- The Iowa Department of Natural Resources will re-examine data from their most recent Statewide Comprehensive Outdoor Recreation Plan to identify participants in and develop questions for several focus groups to gain a better understanding of wildlife watchers’ and outdoor photographers’ interests and needs. They will also conduct surveys of local property managers of Bird Conservation Areas and Important Bird Areas to compare their perceptions with those of the public and form an advisory group to inform changes to amenities and programs to benefit wildlife viewing and photography.
- The Missouri Department of Conservation is developing an internal relevancy plan as they increase their efforts to better understand and serve the needs of existing and new constituents.
- The North Carolina Wildlife Resources Commission is focusing on improving alignment of their agency culture with the culture of nontraditional outdoor recreationists (e.g., kayakers, cyclists, equestrians, birders, geocachers, hikers, etc.), under-represented minorities, the Spanish-speaking community, and urban/suburban constituents. The agency will use its Partnership for Inclusion framework to help guide efforts to recruit and retain a more diverse staff, create a working environment that welcomes new and different employees and constituents, establish internships and a mentoring program to connect experienced staff with youth in minority communities, and engage the Hispanic community to bridge linguistic and cultural gaps.
- The Pennsylvania Fish and Boat Commission will conduct research into the interests, knowledge, and skill levels of urban and suburban residents of the Philadelphia metropolitan area related to angling. Results will be used to design effective outreach and develop additional fishing opportunities like those provided at the Gaun First Catch Center to engage more diverse participants in angling and boating.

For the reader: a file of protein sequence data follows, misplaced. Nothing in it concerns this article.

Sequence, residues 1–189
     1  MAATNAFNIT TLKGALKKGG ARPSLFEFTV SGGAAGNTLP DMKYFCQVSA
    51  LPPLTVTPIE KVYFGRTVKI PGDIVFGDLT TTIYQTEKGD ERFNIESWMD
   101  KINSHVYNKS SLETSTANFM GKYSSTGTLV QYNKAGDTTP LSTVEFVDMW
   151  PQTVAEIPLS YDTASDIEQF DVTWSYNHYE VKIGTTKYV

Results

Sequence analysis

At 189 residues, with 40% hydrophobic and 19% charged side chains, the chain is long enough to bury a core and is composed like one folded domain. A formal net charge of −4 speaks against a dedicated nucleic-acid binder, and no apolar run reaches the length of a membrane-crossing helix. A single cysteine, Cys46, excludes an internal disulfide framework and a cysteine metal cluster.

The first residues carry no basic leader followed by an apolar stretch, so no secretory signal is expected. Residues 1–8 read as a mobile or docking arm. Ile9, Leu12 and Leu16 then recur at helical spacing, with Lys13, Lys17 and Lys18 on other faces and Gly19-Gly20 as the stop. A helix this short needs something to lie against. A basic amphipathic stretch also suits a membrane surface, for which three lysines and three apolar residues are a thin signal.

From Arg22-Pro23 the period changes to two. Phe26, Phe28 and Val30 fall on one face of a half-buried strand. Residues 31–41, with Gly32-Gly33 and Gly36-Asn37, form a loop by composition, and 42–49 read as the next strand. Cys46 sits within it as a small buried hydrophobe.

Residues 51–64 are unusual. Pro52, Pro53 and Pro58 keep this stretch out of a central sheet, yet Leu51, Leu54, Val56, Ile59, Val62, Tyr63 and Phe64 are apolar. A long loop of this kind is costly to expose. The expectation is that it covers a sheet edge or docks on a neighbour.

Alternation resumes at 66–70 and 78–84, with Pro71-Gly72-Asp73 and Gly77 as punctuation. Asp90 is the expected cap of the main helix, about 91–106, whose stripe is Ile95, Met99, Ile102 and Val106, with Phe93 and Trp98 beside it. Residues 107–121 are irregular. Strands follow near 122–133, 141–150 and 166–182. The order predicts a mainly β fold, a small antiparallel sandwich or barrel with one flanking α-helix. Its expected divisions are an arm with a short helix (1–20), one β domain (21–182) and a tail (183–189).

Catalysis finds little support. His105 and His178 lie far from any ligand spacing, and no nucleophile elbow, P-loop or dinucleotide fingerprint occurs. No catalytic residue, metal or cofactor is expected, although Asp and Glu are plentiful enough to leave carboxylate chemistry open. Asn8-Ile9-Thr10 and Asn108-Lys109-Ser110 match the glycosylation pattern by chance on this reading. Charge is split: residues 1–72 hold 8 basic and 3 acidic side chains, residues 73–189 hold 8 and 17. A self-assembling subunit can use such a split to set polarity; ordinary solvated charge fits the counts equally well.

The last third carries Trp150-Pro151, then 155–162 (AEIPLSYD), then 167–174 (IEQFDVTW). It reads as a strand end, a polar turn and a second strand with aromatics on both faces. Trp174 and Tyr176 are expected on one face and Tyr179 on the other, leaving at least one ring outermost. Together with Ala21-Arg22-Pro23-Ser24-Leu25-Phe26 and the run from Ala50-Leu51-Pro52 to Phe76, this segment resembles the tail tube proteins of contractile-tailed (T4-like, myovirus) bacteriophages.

WMI will provide consultation and training as requested by these states to advance their efforts. In addition, WMI is providing financial support by purchasing supplies, paying costs associated with interviews, and contracting with research firms to gather and analyze data about constituencies to inform implementation plans.
WMI will also use Multi-State Conservation Grant funds to develop an online portal, similar to the R3 Community Portal, where anyone involved or interested in implementing the Roadmap can share ideas, successes, and lessons learned. WMI Director of Special Programs Matt Dunfee said, “The overall goal of the grant is to pilot test implementation of the Relevancy Roadmap and create an online portal where these six states and many others that are working to expand their constituencies can share ideas, successes, and lessons learned.”
Broadening constituencies’ involvement with and support for conservation has been a central theme of discussions among state and federal agencies for over a decade. The Relevancy Roadmap is designed to help agencies accomplish that goal. In his remarks at the recent North American Wildlife and Natural Resources Conference, WMI President Steve Williams emphasized the need to engage more citizens to provide the financial resources and political backing agencies, non-government organizations, and industry will need to address threats to fish and wildlife populations and their habitats.